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Precise targeting of miR-141/200c cluster in chondrocytes attenuates osteoarthritis development
  1. Ming-Liang Ji1,
  2. Hua Jiang2,
  3. Fei Wu1,
  4. Rui Geng1,
  5. Li kun Ya1,
  6. Yu Cheng Lin1,
  7. Ji Hao Xu1,
  8. Xiao Tao Wu1,
  9. Jun Lu3
  1. 1 The department of Orthopaedic Surgery, Zhongda Hospital, School of Medicine, Southeast University, Nanjing, China
  2. 2 Department of Spine Surgery, The First Affiliated Hospital of Guangxi Medical University, Nanning, China
  3. 3 Department of Orthopaedic Surgery, Zhongda Hospital, School of Medicine, Southeast University, Nanjing, China
  1. Correspondence to Dr Jun Lu, Department of Orthopaedic Surgery, Zhongda Hospital, School of Medicine, Southeast University, Nanjing, Jiangsu, China; junlusuper{at}163.com

Abstract

Objectives Despite preclinical studies involving miRNA therapeutics conducted in osteoarthritis (OA) over the years, none of these miRNAs have yet translated to clinical applications, owing largely to the lack of efficient intra-articular (IA) delivery systems. Here, we investigated therapeutic efficacy of the chondrocyte-specific aptamer-decorated PEGylated polyamidoamine nanoparticles (NPs)-based miRNAs delivery for OA.

Methods The role of miR-141/200c cluster during skeletal and OA development was examined by miR-141/200cflox/flox mice and Col2a1-CreERT2; miR-141/200cflox/flox mice. Histological analysis was performed in mouse joints and human cartilage specimens. Chondrocyte-specific aptamer-decorated NPs was designed, and its penetration, stability and safety were evaluated. OA progression was assessed by micro-CT analysis, X-ray and Osteoarthritis Research Society International scores after destabilising the medial meniscus surgery with miR-141/200c manipulation by NPs IA injection. Mass spectrometry analysis, molecular docking and molecular dynamics simulations were performed to investigate the interaction between aptamer and receptor.

Results Increased retention of NPs inside joint space is observed. The NPs are freely and deeply penetrant to mice and human cartilage, and unexpectedly persist in chondrocytes for at least 5 weeks. OA chondrocytes microenviroment improves endo/lysosomal escape of microRNAs (miRNAs). Therapeutically, IA injection of miR-141/200c inhibitors provides strong chondroprotection, whereas ectopic expression of miR-141/200c exacerbates OA. Mechanistically, miR-141/200c promotes OA by targeting SIRT1, which acetylates histone in the promoters of interleukin 6 (IL-6), thereby activating IL-6/STAT3 pathway.

Conclusions Our findings indicate that this nanocarrier can optimise the transport kinetics of miR-141/200c into chondrocytes, fostering miRNA-specific disease-modifying OA drugs development.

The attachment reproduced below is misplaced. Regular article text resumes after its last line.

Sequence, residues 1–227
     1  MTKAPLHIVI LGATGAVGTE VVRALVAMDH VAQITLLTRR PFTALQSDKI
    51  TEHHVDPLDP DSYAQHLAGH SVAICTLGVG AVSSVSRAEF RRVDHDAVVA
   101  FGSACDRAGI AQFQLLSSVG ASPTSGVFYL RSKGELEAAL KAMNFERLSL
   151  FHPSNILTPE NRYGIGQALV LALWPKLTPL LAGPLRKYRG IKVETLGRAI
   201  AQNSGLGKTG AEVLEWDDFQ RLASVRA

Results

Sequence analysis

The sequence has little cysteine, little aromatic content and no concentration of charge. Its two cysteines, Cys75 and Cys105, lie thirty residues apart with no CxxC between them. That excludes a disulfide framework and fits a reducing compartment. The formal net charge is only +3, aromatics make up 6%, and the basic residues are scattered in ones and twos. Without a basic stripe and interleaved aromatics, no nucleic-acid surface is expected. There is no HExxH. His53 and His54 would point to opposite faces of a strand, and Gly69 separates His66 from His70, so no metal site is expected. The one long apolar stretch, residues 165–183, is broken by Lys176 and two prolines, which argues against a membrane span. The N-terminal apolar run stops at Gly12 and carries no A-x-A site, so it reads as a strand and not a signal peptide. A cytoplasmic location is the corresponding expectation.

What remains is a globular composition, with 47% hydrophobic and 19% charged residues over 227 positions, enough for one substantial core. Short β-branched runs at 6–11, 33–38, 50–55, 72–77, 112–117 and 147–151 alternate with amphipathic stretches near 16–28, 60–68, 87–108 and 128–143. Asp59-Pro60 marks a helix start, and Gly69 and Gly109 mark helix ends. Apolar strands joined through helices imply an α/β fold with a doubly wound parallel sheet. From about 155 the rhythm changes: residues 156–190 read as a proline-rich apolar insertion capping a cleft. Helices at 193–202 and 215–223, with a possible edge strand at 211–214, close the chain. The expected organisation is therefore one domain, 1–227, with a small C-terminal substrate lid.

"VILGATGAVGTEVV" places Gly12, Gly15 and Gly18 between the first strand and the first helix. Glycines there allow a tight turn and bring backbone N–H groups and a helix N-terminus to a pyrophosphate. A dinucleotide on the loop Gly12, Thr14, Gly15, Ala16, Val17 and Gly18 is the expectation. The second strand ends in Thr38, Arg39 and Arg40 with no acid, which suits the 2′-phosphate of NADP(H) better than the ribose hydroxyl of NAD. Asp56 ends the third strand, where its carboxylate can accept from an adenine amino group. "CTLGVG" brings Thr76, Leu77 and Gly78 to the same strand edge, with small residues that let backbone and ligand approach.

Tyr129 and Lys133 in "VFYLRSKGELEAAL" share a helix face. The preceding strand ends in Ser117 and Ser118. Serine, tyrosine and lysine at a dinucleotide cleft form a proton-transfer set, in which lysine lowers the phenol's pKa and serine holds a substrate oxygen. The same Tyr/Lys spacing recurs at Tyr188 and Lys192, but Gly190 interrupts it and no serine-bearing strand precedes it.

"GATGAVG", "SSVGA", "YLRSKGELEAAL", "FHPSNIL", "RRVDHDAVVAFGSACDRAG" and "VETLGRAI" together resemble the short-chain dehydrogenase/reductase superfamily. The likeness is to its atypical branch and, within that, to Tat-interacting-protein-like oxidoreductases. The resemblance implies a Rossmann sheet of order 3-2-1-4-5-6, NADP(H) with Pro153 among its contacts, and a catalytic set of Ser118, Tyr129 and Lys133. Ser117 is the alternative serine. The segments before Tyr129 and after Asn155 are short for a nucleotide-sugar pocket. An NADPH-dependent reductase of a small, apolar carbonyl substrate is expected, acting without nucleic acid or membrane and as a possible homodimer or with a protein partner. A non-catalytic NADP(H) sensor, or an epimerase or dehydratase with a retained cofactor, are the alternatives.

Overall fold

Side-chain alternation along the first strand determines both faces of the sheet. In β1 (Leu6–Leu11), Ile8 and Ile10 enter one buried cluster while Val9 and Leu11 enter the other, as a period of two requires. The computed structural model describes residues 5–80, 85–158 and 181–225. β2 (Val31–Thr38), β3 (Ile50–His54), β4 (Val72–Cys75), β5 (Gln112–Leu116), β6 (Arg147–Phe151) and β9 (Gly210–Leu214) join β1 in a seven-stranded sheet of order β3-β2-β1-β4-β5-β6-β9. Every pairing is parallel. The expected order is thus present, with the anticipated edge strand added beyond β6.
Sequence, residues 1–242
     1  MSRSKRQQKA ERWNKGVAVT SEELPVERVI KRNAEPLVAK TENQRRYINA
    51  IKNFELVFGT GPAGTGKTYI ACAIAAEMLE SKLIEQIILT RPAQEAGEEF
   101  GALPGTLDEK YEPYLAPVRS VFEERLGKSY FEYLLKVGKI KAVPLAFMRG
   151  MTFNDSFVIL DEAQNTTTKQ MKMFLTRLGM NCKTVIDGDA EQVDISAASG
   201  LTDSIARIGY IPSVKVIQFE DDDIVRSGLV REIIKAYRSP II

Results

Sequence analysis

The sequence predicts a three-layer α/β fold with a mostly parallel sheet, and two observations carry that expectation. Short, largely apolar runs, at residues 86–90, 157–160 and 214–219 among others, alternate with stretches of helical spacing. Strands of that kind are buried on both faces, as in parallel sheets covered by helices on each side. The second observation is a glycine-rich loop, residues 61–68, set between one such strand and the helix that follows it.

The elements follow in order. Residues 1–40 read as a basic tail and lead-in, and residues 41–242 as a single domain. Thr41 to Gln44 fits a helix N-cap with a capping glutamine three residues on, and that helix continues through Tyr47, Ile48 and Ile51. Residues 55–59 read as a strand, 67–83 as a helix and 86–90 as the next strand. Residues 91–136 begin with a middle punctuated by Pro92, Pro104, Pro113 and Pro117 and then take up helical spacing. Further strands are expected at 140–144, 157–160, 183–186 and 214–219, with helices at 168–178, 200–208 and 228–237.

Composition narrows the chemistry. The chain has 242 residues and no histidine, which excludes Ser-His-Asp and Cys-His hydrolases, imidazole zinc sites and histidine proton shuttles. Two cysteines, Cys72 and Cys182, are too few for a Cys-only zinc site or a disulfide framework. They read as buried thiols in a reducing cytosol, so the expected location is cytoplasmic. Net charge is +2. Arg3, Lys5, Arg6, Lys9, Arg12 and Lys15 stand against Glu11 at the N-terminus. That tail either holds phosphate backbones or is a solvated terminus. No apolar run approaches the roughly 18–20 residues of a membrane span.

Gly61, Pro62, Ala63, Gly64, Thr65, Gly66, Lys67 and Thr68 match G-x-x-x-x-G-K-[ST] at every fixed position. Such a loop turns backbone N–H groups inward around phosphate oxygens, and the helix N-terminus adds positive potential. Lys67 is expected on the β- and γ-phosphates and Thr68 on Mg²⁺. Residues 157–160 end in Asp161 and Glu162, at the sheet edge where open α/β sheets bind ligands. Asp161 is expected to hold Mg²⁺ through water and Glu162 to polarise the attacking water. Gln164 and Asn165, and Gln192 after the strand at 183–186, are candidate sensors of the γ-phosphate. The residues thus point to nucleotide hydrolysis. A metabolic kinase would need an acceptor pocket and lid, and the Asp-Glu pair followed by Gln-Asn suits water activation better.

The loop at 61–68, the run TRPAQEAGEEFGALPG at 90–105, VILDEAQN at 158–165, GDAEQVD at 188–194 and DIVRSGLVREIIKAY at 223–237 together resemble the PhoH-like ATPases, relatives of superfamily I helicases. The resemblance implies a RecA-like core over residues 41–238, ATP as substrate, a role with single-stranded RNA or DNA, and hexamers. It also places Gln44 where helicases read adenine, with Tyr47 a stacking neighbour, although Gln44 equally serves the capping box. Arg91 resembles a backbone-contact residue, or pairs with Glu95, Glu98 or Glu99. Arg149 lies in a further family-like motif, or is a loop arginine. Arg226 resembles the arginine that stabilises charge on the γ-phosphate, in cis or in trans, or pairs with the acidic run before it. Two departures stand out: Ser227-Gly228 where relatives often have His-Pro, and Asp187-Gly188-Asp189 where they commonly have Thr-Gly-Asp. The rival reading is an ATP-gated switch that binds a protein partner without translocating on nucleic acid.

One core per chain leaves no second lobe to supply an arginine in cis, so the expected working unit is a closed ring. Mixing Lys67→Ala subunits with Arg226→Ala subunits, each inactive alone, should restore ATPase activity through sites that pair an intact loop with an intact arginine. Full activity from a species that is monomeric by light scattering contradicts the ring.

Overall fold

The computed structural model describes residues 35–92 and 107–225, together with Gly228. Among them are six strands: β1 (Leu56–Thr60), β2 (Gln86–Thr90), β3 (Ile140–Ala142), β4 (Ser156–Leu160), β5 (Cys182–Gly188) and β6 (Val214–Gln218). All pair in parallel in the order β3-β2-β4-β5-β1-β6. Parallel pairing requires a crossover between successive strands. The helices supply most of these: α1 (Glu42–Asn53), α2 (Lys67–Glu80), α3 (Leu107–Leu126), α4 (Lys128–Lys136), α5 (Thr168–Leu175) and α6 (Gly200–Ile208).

• osteoarthritis
  • knee
  • chondrocytes
  • pharmacokinetics
  • therapeutics

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Footnotes

  • Handling editor Josef S Smolen

  • Contributors All authors were involved in drafting or critically revising the manuscript for important intellectual content, and all authors approved the final version for publication. JL, XTW, M-LJ and HJ conceived the ideas and designed the experiments. M-LJ, FW, RG, LKY, YCL and JHX conducted experiments and analySed the data. JL and M-LJ interpreted the data and wrote the manuscript.

  • Funding This work is supported by The National Science Foundation of of China (No. 81972105, No. 81672159 and No. 81860406), and the Fundamental Research Funds for the Central Universities (No. 2242019K3DZ05).

  • Competing interests None declared.

  • Patient consent for publication Not required.

  • Ethics approval Protocol approved by the ethical committee of Zhongda Hospital, Southeast University.

  • Provenance and peer review Not commissioned; externally peer reviewed.

  • Data availability statement Data are available on reasonable request.

  • Supplemental material This content has been supplied by the author(s). It has not been vetted by BMJ Publishing Group Limited (BMJ) and may not have been peer-reviewed. Any opinions or recommendations discussed are solely those of the author(s) and are not endorsed by BMJ. BMJ disclaims all liability and responsibility arising from any reliance placed on the content. Where the content includes any translated material, BMJ does not warrant the accuracy and reliability of the translations (including but not limited to local regulations, clinical guidelines, terminology, drug names and drug dosages), and is not responsible for any error and/or omissions arising from translation and adaptation or otherwise.

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